The nervous energy amongst the staff intensified. Our adrenaline raced. The lines outside were dangerous. A mugging had occurred during one pay night; a recently released felon robbed a fellow walker at knifepoint. Hungry, tired, and desperate people risked those lines for $50 a day, but not the staff.

Once we were ready inside—secure and protected—the police officer let people in from the freezing rain. The crowd surged like fans at a rock concert, pressing against the glass doors, trying to escape the harsh elements outside. A human turnstile, the officer admitted only one person at a time.

Behind the barricade and armed guard, the staff stood and watched the thrusting crowd. Drenched, dark faces filed into the lobby area; each person holding a soggy green piece of paper signed by a field captain testifying to that day’s work. The quiet nervous energy of the staff was now drowned out by the voices of people jockeying to be the first in line.

My fellow smoker suddenly transformed herself from a reflective do-gooder into a militant actuary, scouring time sheets for discrepancies and questioning the legitimacy of identification cards. A former Clinton aide, recently arrived from New York, barked demands for those in line to behave. With every chastising word from the staffers behind the barricade, the volume and anger of the walkers heightened.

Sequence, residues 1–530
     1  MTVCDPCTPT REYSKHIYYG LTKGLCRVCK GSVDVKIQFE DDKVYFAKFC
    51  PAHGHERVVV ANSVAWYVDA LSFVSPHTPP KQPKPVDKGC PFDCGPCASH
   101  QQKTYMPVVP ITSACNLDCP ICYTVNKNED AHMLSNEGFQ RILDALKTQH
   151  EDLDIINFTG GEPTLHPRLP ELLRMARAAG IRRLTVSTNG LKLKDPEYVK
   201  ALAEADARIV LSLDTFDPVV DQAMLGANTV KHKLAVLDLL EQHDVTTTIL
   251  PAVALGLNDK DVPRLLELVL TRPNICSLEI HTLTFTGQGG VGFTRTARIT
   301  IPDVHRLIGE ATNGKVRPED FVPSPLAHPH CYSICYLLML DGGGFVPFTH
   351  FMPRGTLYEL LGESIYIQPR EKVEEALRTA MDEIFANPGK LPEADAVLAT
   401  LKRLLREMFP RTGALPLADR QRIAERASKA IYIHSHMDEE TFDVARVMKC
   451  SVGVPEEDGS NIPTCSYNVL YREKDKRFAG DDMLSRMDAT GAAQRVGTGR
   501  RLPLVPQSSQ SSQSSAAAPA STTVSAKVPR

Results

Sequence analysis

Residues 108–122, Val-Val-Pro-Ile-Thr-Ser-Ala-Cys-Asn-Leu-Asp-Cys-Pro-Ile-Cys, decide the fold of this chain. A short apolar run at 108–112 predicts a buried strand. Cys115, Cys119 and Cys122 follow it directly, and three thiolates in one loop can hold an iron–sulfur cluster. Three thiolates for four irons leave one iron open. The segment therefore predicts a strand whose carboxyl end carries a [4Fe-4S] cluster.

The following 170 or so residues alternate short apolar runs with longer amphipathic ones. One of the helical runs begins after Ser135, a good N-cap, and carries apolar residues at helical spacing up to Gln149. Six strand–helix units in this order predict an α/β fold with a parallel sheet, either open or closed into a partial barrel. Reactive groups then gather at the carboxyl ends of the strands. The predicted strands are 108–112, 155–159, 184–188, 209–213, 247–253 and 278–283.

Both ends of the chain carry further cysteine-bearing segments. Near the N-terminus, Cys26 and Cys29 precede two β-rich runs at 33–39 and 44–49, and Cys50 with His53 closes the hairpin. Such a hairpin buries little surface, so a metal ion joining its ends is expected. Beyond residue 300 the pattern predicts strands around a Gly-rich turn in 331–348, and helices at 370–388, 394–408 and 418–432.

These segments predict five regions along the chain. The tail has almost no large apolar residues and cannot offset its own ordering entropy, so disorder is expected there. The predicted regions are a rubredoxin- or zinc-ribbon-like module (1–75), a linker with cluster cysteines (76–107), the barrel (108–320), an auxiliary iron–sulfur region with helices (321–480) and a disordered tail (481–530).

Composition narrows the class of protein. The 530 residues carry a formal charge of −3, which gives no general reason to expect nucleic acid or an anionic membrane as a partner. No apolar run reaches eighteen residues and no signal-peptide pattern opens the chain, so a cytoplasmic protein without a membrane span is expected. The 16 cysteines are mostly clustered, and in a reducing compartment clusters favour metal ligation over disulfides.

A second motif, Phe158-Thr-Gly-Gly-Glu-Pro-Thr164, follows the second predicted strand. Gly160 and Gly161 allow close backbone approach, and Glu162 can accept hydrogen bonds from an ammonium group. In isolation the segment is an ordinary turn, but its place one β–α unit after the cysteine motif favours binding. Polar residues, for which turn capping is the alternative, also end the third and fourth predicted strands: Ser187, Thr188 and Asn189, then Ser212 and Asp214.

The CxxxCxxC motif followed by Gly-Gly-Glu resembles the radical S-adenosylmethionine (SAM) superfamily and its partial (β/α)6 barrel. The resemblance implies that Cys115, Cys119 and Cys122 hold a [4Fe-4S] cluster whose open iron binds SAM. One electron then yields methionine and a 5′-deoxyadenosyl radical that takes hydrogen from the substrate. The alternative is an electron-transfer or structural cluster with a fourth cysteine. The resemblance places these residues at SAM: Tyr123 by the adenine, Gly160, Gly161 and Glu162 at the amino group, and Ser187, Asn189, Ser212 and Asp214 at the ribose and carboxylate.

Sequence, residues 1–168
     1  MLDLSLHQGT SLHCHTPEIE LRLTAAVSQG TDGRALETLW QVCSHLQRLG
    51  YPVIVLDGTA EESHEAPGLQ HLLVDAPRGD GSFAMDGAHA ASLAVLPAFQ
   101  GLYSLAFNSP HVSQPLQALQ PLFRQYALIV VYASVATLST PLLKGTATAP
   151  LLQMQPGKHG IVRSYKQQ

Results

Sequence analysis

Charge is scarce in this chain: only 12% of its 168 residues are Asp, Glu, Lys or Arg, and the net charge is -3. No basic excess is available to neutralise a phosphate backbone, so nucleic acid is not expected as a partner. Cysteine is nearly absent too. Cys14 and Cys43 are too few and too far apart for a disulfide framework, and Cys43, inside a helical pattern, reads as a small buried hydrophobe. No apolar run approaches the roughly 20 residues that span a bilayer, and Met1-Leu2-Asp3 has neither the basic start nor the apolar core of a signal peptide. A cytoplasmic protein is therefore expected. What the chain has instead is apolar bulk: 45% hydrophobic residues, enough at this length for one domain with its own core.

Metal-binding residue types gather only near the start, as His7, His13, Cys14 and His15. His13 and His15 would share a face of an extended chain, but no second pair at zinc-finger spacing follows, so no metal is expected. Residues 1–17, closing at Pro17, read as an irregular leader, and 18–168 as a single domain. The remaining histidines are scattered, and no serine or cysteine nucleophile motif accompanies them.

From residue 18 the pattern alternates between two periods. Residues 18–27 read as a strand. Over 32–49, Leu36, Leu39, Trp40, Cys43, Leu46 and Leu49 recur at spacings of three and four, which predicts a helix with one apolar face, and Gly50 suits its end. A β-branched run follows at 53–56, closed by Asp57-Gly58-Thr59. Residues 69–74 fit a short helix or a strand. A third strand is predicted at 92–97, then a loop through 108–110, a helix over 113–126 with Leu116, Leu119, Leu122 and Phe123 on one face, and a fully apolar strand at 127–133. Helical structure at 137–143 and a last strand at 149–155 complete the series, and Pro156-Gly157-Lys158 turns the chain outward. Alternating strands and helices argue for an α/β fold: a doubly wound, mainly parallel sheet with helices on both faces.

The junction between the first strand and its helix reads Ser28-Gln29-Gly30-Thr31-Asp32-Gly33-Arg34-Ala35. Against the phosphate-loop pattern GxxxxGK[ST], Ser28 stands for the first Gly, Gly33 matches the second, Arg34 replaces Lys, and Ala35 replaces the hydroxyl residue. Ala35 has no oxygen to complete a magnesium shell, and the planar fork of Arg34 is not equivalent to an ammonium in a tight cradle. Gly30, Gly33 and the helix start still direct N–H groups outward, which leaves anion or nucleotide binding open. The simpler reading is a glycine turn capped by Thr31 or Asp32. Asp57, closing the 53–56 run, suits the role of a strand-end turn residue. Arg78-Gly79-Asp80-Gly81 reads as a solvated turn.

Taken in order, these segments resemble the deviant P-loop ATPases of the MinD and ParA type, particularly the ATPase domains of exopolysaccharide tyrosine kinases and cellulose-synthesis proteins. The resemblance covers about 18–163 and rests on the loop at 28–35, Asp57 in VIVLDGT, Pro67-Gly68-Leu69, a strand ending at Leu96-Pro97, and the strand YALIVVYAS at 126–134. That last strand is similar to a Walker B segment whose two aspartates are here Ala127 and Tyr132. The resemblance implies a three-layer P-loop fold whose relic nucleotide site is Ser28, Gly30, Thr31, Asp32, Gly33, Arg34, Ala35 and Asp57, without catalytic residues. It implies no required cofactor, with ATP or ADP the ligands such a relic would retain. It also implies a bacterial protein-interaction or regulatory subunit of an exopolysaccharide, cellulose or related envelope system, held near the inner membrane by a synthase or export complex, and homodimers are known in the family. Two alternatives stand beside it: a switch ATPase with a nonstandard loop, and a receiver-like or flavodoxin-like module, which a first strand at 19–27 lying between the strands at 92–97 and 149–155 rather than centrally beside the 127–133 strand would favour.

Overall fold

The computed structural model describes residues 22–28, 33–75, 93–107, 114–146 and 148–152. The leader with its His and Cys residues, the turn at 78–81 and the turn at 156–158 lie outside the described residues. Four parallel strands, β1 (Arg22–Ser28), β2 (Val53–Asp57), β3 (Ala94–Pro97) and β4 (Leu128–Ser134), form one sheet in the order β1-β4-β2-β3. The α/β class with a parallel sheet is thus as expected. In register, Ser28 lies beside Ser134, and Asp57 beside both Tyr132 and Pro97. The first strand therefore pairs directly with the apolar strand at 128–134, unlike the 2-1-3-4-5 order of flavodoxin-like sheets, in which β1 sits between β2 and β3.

Peering out over those directly in front of me, I saw the hundreds of illuminated brown and black faces beyond the glass doors. Rain pounded their exposed skin. Steam rose from their collective breath, creating a light layer of fog that hung above their heads.

Once submitted, time sheets were handed to staffers, who ran to the secure office in the back. That’s where the field director sat with the small fortune recently retrieved from Mr. Sanchez’s bank. Thousands of dollars lay perched on his day-worn Gap Chinos. He nonchalantly counted out the appropriate amount for each worker, then handed the money to the runner, who went back to the front to call the recipient’s name.

Watching this, it occurred to me just how vulnerable we really were in that office. Simultaneously, I realized just how vulnerable the people outside really were, too.

An hour passed; the tensions increased. A fight brewed between two women in line. The now quite brutish cop shouted for the women to hold it down. Once the women heard him, they turned from each other onto the common enemy: him. There I stood, lackadaisically—oddly amused—waiting for someone to pull a gun. But then in the chaos a stench—like a sniffing salt—awoke me from my now complacent daze.

“Holy shit!” rang out from behind the barricade.

As I turned around to investigate, the floor drains spewed sewage into the air in fierce jets like geysers. Out came piss, feces, mud, crickets, roaches, and a toad. Sludge cascaded from under the bathroom doors straight towards us.

There was nowhere to run. Sewage rushed over my boots, and I just stood there ashamed. After my time on the campaign, I felt I deserved it: the $100 million cesspool. But pay night went on as someone handed me a mop. And there I was again—left in the middle to clean up the shit created by an empty corporate shell.

Kodi E. Sawin is a political media consultant. She served as Constituency Program Director on the Tony Sanchez for Governor campaign.